? scoring rubrics, ? a sample prompt, ? examples of student writing that have been scored using the new rubrics, and ? explanations of the scores assigned to each student response.

Writer's Checklists are on pages 113?115.

Test Administration Information

The directions in the Test Administration Manual will clearly explain all the procedures for administering the writing session, but a few details are worth mentioning here so that teachers know what to expect.

Test administrators will be instructed to read aloud the Writer's Checklist, the writing session directions, and the Writing Topic. However, the reading passages on the writing test must not be read aloud or signed to students, except for those students with the accommodations Tests Read Aloud or Communication Assistance. New directions have been added that encourage students to mark in pencil information in the reading passage(s) that they think will be useful when composing their response.

All students are provided with the following materials during the administration of the writing portion of the ELA transitional tests:

? two pencils, ? a dictionary and a thesaurus, ? a Writer's Checklist, and ? a test booklet and/or answer document that contains the writing prompt, a

page for taking notes (brainstorming/outlining), two rough-draft pages, and two final draft pages.

Resources

Below are links to resources that offer additional information about the transitional tests, the CCSS, and the PARCC assessments:

? doe.state.la.us/topics/assessment_guides.html (Assessment Guides for all subjects and grades tested)

? (transitional writing prompts on the Practice Assessment/Strengthen Skills system)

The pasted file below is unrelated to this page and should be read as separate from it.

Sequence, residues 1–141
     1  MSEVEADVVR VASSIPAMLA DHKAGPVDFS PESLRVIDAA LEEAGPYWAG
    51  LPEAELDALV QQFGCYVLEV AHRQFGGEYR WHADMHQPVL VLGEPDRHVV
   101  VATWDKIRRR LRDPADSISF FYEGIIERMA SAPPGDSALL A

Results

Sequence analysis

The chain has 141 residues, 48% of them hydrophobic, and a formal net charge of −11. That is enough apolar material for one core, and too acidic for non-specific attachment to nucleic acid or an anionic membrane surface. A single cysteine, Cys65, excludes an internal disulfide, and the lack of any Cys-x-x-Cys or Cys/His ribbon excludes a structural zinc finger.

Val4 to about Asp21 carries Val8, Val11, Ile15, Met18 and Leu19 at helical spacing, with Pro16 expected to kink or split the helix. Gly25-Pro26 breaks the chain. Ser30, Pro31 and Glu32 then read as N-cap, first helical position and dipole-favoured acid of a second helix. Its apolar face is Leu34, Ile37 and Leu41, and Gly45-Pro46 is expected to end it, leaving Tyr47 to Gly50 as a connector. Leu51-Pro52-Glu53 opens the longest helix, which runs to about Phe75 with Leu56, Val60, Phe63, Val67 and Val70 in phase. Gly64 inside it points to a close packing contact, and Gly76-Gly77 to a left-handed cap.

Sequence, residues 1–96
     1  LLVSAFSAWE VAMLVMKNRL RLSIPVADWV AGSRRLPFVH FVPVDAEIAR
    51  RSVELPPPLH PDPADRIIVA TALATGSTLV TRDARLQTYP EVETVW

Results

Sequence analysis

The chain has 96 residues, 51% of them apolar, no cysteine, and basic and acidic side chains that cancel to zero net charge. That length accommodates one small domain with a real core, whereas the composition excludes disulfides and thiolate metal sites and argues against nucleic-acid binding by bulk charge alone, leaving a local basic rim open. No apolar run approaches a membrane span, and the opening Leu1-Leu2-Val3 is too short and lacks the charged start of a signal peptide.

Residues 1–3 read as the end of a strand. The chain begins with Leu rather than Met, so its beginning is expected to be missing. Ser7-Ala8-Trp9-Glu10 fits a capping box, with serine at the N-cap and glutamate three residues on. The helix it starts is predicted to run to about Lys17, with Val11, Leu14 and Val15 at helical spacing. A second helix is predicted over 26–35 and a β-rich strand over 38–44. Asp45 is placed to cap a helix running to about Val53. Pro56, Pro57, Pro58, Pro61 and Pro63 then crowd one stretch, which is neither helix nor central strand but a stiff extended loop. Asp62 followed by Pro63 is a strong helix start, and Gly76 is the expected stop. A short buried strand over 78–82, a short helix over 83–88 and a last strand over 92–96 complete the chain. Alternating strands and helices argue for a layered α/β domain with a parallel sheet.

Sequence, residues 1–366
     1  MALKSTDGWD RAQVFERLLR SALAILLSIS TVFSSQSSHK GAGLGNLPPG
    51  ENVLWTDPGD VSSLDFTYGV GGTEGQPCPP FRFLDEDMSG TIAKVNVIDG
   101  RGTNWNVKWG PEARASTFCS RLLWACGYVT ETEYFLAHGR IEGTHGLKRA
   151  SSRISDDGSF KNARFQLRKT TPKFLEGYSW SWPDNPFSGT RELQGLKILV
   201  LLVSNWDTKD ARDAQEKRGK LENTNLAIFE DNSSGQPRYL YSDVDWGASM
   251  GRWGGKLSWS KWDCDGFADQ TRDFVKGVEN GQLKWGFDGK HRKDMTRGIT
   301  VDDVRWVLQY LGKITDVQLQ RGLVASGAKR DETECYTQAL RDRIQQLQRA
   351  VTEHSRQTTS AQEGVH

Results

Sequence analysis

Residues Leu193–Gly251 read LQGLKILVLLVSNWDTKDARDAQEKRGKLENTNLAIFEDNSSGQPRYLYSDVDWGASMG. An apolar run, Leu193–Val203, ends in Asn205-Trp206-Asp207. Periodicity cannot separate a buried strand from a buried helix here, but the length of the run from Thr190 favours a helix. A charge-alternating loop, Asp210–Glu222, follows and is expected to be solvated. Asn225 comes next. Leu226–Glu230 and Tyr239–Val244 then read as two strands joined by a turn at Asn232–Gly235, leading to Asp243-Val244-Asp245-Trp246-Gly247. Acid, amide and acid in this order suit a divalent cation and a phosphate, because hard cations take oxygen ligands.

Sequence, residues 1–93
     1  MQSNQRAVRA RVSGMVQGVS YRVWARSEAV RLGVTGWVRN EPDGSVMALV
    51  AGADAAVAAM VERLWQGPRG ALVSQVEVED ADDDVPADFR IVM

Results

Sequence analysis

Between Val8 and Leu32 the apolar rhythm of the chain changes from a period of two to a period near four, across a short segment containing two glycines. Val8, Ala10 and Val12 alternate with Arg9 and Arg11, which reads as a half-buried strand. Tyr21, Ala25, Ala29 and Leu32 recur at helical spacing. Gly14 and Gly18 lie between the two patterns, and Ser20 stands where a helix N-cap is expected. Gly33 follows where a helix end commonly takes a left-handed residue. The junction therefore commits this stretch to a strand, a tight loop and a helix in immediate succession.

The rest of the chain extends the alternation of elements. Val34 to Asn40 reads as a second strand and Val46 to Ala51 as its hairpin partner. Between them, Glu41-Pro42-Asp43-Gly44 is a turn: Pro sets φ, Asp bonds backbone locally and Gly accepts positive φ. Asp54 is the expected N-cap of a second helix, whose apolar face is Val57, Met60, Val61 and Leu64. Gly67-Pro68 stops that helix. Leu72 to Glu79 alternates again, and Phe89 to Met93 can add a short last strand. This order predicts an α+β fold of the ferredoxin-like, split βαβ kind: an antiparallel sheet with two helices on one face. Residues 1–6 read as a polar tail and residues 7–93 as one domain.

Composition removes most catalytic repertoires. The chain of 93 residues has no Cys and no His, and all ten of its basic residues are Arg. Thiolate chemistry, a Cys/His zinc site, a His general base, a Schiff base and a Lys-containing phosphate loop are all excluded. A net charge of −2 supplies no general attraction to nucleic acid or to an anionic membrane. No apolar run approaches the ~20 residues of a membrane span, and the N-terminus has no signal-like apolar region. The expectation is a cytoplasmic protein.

? doe.state.la.us/topics/common_core_samples.html (CCSS-aligned items)

? samples/item-task-prototypes (samples of PARCC assessment items)

2

English Language Arts (Writing) Student Work--2012

iLEAP Grade 3

The Grade 3 Writing Test is untimed, but students should be given a minimum of 60 minutes to read the passage(s), plan and write their compositions, and check their work.

Scoring Information

Because of the heavy emphasis of standard 3 (conventions of writing) in the language section of the iLEAP tests, student compositions will be scored only for the dimensions of Content and Style. The Content dimension measures

? the focus of the student's central idea; ? the development of that idea, including the appropriate and accurate use of

information from the passage(s); and ? the organization of the student's ideas.

The Style dimension evaluates the ways in which the student shapes and controls the language and the flow of the composition. Features of Style include

? word choice; ? sentence fluency, which includes sentence structure and sentence variety;

and ? voice, the individual personality of the writing.

For each of these two dimensions, a student can earn from 1 to 4 score points.

A summary of the score points for the Writing session is shown below.

Dimensions

Maximum Possible Points

Content

4

Style

4

Total Points

8

There are two Content rubrics; one is used to score student compositions that respond to prompts with one passage; the other is for prompts with two passages. The Content and Style rubrics can be found on pages 4 through 6.

Grade 3 English Language Arts (Writing) Student Work--2012